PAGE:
Myers-Briggs and Office Politics: Sensors and Intuitives
In the terminology of the Myers-Briggs Type Indicator (MBTI), sensors are hands-on people who prefer to process information about the world in terms of what they can see, hear, feel, touch, and taste. Intuitives, on the other hand, prefer to assimilate information about the world around them and process the data in an abstract, big-picture way. When they work together in an office, sensors and intuitives might find their working relationships rife with misunderstandings unless they can try to mutually understand and respect one another's differences. By doing so, they'll contribute to harmony in the workplace, fostering an office politics that's based on cooperation, not conflict.
Sensors are the quintessential “Just the Facts” personality types, whereas intuitives thrive on connecting the dots and considering possibilities. When sensors get frustrated with intuitives for not focusing on the facts at hand, or when intuitives get annoyed with sensors for not seeing beyond what's readily at hand, communication difficulties arise in the workplace. Instead of truly listening to one another, sensors and intuitives can fall into the trap of focusing on their different styles of perceiving and communicating as a source of conflict rather than a means of cooperation.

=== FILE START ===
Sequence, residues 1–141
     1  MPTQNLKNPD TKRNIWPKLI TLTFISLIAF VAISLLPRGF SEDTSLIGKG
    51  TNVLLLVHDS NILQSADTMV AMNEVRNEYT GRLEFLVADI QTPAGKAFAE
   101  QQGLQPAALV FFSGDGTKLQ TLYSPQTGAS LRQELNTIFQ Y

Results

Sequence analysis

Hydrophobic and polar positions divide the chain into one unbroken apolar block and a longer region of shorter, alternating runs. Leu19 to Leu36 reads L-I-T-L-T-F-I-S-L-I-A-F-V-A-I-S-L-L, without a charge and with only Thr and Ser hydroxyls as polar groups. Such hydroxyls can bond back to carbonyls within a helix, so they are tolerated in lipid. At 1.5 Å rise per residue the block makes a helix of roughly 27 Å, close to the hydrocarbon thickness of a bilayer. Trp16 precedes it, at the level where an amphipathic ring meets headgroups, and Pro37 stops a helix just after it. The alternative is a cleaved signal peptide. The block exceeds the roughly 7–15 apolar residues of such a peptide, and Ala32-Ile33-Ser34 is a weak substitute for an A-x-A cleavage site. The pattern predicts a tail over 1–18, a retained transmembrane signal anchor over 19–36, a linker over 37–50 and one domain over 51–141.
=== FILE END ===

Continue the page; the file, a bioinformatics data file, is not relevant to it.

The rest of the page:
Let's say a problem crops up in an office that needs resolution. A sensor will want to examine aspects of the problem fact-by-fact in order to reach the bottom line of the issue. An intuitive will want to brainstorm ideas for solving the problem rather than focusing only on facts. If the two people, our sensor and our intuitive, butt heads over how to solve the problem, then office politics of conflict, not cooperation, will rear its head. Instead of solving the problem, a brand new problem will be added to the original one: namely, miscommunication and maybe even mistrust.
Getting the Job Done
So how would our sensor and our intuitive go about resolving their problem and getting the job done? In our hypothetical workplace, the people involved could either complain to co-workers or to their supervisor about one another, contributing to office politics of the worst kind. A far better alternative is if the sensor and the intuitive can strive to understand that neither one of their communication styles is “wrong” – they're just different. And diversity is the lifeblood of any workplace. It takes people of all kinds, working as a team and trusting one another, to reach goals and accomplish great things.
The key is mutual understanding. In the workplace, sensors and intuitives can make a fabulous team, since the two preferences beautifully complement each other. Sensors trust their firsthand experiences and five senses, whereas intuitives trust their gut feelings and their sense of what is possible. When you combine these two sources, the practical and the possible, the physical and the theoretical, you wind up with a powerful mix indeed.
MBTI assessment can serve as a tremendously useful tool in helping sensors and intuitives understand and appreciate one another better. Mutual appreciation facilitates communication, and when co-workers understand how their differences can work in a complementary fashion to get things done, they can become a highly efficient – and amazing – team in which operate office politics of the best kind.